Cancer is a disease that involves abnormal cell growth, which originates in particular tissues and organs of the body and metastasizes to other parts of the body. Cancer can be a result of several factors, such as nutrition, environment, physical activity, and genetics.
Cancer rates vary between countries depending on medical technology, environment, and different campaigns or initiatives set forth by governments to prevent cancer. Cancer tends to be more prevalent in high-income countries due to lifestyle factors such as smoking, obesity, and alcohol intake.
Numbers show that men have higher cancer rates than women do in almost every type of cancer. Males can carry about a 20% higher risk than females of developing cancer.
Cancer is the second leading cause of death in the world behind cardiovascular disease. It is estimated that every sixth death in the world is due to cancer. While the total number of deaths from cancer is increasing, this is likely the result of aging and growing populations. Luckily, cancer treatment advancements across the spectrum of types of cancers are continuing at a rapid pace. Many people who are diagnosed with cancer are living longer or are cured. Countries with sound health care systems can better detect and treat cancer than countries lacking proper health care infrastructure.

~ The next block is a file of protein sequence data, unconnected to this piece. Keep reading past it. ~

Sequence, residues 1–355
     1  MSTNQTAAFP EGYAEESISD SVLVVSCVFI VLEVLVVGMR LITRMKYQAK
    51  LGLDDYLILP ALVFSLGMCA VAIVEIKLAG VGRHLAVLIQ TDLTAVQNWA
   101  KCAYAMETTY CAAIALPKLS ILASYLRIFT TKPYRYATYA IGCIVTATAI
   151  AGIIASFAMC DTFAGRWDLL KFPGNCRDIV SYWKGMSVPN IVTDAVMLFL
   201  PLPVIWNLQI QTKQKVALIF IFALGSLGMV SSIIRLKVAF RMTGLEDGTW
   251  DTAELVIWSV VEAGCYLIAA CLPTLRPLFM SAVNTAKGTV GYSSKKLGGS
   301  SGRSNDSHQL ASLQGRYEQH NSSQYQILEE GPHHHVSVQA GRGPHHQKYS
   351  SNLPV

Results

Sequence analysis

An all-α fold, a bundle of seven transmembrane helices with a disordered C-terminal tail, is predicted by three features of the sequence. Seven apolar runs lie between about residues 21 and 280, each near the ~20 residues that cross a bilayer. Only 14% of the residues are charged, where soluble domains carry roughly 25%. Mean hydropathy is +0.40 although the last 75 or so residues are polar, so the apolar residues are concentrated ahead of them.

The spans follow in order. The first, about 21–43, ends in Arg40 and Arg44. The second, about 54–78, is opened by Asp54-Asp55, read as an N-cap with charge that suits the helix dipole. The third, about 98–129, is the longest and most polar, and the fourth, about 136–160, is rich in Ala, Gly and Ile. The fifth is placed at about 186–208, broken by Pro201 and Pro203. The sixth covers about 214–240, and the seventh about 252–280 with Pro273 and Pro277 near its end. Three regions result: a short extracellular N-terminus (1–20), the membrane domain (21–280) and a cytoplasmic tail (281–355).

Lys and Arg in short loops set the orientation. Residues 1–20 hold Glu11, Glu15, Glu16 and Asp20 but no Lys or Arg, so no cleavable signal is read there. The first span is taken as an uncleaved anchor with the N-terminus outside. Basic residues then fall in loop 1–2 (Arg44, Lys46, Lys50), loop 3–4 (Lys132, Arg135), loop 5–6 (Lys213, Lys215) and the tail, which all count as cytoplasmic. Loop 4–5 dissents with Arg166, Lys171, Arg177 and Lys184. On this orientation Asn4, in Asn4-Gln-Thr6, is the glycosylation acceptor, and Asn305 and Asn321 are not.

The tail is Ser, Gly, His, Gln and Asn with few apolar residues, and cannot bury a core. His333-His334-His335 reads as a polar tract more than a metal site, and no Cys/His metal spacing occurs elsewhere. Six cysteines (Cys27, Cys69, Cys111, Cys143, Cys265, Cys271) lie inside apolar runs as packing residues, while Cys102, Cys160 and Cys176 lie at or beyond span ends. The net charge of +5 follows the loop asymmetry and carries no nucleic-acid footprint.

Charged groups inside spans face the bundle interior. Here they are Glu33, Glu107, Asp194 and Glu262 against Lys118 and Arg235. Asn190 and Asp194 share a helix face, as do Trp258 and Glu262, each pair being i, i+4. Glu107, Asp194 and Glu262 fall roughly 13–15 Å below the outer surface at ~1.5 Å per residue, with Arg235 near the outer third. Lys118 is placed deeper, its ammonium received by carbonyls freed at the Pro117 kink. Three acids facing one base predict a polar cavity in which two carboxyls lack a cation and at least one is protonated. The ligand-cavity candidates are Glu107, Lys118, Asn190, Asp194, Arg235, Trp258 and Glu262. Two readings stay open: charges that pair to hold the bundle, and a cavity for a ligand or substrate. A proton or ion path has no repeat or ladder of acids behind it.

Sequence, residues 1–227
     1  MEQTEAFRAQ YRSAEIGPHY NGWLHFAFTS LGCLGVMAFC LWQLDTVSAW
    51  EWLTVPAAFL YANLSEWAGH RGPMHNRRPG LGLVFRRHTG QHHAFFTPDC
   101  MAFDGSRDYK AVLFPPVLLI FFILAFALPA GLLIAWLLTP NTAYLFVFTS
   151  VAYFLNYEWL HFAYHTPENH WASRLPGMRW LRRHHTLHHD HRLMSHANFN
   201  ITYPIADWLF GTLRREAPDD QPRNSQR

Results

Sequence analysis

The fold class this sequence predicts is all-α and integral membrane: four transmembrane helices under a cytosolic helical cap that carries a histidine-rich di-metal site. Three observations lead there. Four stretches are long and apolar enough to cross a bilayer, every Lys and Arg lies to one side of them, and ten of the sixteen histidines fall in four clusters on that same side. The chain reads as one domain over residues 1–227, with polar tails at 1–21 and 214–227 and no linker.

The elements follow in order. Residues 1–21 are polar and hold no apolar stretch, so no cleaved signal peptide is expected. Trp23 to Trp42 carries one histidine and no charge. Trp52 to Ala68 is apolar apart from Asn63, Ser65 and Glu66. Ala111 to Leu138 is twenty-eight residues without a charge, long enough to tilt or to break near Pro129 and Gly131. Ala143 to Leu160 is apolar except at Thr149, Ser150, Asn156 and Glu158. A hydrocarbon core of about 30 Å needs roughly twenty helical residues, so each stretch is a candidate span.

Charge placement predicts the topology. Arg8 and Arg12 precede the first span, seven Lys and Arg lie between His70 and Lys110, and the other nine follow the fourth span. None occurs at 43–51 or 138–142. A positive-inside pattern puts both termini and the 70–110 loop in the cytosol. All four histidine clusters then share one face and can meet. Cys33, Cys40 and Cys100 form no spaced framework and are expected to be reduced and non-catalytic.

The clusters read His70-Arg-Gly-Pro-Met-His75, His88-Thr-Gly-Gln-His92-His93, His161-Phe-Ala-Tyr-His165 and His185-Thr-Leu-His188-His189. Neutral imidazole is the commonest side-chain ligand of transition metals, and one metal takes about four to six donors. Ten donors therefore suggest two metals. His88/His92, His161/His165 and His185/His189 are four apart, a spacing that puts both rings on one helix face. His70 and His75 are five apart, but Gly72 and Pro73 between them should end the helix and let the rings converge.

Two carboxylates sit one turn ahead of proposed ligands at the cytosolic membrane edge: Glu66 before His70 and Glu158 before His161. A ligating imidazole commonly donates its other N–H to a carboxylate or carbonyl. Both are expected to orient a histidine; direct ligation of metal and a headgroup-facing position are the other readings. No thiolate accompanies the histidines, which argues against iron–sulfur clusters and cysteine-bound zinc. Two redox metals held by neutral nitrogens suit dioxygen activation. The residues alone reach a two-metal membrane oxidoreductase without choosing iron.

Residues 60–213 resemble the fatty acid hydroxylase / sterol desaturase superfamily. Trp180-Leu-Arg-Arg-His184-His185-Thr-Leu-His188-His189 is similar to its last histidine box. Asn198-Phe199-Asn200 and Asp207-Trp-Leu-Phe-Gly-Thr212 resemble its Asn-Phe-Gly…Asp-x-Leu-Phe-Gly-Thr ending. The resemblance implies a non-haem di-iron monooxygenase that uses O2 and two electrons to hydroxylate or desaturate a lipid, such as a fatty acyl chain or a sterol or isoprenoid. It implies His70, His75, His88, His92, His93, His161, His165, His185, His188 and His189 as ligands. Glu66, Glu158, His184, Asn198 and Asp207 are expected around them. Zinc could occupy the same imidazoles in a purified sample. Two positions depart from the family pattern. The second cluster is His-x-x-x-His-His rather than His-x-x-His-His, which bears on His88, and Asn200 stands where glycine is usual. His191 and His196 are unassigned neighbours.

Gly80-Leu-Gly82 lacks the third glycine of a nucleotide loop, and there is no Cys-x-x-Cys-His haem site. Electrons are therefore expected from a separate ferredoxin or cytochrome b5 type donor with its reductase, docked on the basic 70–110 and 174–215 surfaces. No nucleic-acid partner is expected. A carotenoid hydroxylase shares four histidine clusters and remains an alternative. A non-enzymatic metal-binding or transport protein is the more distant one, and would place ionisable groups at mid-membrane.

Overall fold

The ten countries with the highest total cancer rates (number of people age-standardized per 100,000 people) are:
- Australia (468)
- New Zealand (438.1)
- Ireland (373.7)
- Hungary (368.1)
- United States (352.2)
- Belgium (345.8)
- France (344.1)
- Denmark (340.4)
- Norway (337.8)
- Netherlands (334.1)
Australia has the highest cancer rate in the world of 468 cases per 100,000 people. Australia specifically has some of the highest rates of breast cancer and melanoma in the world.